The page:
A few scheduled speakers were unable to make it to the conference due to the U.S. government shutdown, including representatives from NASA, the National Transportation and Safety Board and National Oceanic and the Atmospheric Administration. Also notably missing was Chris Anderson, CEO of 3D Robotics, who had to cancel at the last minute.
Following a break for people to get dinner, attendees and the public were invited back to check out the “After DARC” program. The evening’s proceedings were lots of fun with presentations and demonstrations from Robin Mehner of Nodecopter, Karthik Danthu and Geoff Barrows from the RoboBees project, Raphael Pirker of Team BlackSheep, Eirik Solheim of the Norwegian Broadcasting Corporation, Baptiste Tripard from SenseFly. Heather Knight also presented alongside her robotic comedian partner, Ginger. A last minute addition was 14 year old Riley Morgan, who demonstrated a quadcopter he built.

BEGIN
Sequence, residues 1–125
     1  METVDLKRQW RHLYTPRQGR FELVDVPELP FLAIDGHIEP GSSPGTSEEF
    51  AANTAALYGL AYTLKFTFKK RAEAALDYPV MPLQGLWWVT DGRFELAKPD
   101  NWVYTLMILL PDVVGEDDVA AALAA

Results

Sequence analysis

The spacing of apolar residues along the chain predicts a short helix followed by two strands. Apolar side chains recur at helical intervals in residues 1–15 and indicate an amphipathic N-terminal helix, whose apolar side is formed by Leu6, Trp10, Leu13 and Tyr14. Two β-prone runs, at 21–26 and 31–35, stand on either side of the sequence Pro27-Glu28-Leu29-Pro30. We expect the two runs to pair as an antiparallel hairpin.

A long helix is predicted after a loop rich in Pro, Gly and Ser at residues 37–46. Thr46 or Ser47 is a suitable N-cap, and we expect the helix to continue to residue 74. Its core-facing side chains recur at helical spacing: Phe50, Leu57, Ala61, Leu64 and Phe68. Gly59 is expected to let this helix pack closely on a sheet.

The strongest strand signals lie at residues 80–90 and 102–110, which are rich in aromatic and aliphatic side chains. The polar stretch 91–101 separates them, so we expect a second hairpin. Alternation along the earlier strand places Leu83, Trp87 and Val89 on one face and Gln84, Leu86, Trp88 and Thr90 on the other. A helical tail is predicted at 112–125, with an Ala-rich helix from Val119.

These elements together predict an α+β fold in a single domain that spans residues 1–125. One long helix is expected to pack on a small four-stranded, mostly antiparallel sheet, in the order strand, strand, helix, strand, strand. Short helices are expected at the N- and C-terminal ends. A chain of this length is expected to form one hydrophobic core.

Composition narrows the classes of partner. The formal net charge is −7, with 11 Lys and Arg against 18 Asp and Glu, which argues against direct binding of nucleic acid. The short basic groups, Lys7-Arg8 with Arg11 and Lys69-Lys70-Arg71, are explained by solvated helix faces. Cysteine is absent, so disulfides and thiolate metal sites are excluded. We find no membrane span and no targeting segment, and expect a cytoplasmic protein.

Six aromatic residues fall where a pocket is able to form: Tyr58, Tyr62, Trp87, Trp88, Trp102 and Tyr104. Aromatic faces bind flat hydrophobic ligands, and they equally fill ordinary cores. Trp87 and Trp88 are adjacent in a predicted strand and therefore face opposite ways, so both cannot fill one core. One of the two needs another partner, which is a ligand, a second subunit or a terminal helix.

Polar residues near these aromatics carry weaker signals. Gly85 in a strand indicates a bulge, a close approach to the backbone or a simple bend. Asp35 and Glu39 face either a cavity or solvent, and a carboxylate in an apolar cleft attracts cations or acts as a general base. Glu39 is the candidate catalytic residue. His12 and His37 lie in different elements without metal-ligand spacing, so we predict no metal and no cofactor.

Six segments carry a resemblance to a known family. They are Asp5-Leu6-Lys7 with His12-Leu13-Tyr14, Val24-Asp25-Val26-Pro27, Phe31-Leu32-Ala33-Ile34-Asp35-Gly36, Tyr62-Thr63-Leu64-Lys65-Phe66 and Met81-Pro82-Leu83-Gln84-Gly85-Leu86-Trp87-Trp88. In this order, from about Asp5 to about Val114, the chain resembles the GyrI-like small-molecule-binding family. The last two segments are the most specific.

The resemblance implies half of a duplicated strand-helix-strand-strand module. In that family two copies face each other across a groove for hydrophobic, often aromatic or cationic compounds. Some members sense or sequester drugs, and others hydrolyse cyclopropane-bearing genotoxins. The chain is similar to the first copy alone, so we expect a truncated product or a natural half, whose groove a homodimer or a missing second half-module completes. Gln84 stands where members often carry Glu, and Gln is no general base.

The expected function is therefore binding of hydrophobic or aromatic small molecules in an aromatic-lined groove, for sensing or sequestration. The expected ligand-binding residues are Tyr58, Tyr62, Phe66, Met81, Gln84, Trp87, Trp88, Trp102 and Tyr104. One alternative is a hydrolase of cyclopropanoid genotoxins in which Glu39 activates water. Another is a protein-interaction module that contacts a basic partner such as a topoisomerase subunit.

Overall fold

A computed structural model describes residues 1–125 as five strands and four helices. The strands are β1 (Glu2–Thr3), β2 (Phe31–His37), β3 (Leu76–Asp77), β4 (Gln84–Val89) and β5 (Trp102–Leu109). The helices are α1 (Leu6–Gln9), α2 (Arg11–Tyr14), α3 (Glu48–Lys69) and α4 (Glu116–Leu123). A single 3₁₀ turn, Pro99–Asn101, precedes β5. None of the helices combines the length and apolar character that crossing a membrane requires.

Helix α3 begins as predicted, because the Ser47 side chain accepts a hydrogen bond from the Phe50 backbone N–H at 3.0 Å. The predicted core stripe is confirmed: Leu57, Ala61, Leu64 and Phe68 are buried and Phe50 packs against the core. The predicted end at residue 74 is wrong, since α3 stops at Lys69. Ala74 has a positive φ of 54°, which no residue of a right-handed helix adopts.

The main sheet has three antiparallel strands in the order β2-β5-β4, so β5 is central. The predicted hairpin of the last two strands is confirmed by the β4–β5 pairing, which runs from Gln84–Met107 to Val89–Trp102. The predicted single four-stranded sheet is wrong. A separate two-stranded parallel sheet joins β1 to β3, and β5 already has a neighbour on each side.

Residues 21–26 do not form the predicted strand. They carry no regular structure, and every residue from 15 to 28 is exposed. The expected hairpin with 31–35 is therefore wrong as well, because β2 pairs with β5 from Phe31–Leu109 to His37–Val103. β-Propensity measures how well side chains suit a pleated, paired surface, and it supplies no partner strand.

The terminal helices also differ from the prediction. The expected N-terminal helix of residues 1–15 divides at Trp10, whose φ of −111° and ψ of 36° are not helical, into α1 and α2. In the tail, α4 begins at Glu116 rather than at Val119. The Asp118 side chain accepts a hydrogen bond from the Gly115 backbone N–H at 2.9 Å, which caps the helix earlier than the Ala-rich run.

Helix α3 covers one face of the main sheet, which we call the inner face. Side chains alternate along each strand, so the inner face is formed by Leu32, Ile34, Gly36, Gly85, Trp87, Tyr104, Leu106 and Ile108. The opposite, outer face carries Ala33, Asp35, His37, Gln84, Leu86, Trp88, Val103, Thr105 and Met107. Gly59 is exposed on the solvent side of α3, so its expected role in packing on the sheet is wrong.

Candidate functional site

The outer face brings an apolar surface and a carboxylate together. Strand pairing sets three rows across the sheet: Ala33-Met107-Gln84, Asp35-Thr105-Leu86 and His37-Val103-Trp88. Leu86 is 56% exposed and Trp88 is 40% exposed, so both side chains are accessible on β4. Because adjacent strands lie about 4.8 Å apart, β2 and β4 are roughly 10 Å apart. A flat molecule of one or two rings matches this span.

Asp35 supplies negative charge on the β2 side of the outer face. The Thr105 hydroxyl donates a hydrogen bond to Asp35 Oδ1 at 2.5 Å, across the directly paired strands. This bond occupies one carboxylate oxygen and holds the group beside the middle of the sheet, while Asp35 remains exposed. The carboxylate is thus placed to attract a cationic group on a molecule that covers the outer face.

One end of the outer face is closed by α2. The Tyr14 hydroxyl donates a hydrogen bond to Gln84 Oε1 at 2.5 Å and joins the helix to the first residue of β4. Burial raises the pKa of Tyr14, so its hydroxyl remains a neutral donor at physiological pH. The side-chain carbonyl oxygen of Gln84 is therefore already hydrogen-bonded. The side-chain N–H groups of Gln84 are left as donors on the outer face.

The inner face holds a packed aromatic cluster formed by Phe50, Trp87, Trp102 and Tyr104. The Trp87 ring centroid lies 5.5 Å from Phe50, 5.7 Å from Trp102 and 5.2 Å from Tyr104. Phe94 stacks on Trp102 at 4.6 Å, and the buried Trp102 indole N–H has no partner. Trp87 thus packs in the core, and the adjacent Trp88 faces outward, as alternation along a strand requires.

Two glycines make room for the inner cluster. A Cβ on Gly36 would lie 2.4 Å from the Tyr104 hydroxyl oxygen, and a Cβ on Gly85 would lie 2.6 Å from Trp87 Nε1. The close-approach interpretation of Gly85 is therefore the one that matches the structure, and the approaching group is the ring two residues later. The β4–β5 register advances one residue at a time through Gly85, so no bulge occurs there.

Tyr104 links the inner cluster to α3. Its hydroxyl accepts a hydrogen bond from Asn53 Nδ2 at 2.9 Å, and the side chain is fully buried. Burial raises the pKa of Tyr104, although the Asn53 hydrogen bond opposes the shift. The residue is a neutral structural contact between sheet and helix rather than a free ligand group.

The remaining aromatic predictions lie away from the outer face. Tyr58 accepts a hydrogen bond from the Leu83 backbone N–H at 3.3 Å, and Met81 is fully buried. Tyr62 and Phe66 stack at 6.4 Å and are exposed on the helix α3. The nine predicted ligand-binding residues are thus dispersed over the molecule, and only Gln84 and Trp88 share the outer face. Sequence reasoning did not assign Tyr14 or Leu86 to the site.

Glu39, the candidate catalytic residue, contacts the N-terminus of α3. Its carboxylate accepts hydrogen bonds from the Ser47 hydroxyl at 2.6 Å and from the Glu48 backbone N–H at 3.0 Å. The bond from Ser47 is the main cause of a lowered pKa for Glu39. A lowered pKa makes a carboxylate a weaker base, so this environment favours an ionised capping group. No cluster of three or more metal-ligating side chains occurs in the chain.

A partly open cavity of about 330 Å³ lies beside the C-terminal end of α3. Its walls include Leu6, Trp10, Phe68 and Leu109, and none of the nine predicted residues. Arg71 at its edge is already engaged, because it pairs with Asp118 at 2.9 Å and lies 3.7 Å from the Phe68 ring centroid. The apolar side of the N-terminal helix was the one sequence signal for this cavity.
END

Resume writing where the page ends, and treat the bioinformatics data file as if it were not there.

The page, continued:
The first day of the DARC was largely a success. It is the first conference of its kind, and will hopefully spawn additional debate and collaboration. Stay tuned for more info on the DARC activities throughout the weekend.
Andrew Terranova is an electrical engineer, writer and an electronics and robotics hobbyist. He is an active member of the Let’s Make Robots community, and handles public relations for the site.
Andrew has created and curated robotics exhibits for the Children’s Museum of Somerset County, NJ and taught robotics classes for the Kaleidoscope Learning Center in Blairstown, NJ and for a public primary school. Andrew is always looking for ways to engage makers and educators.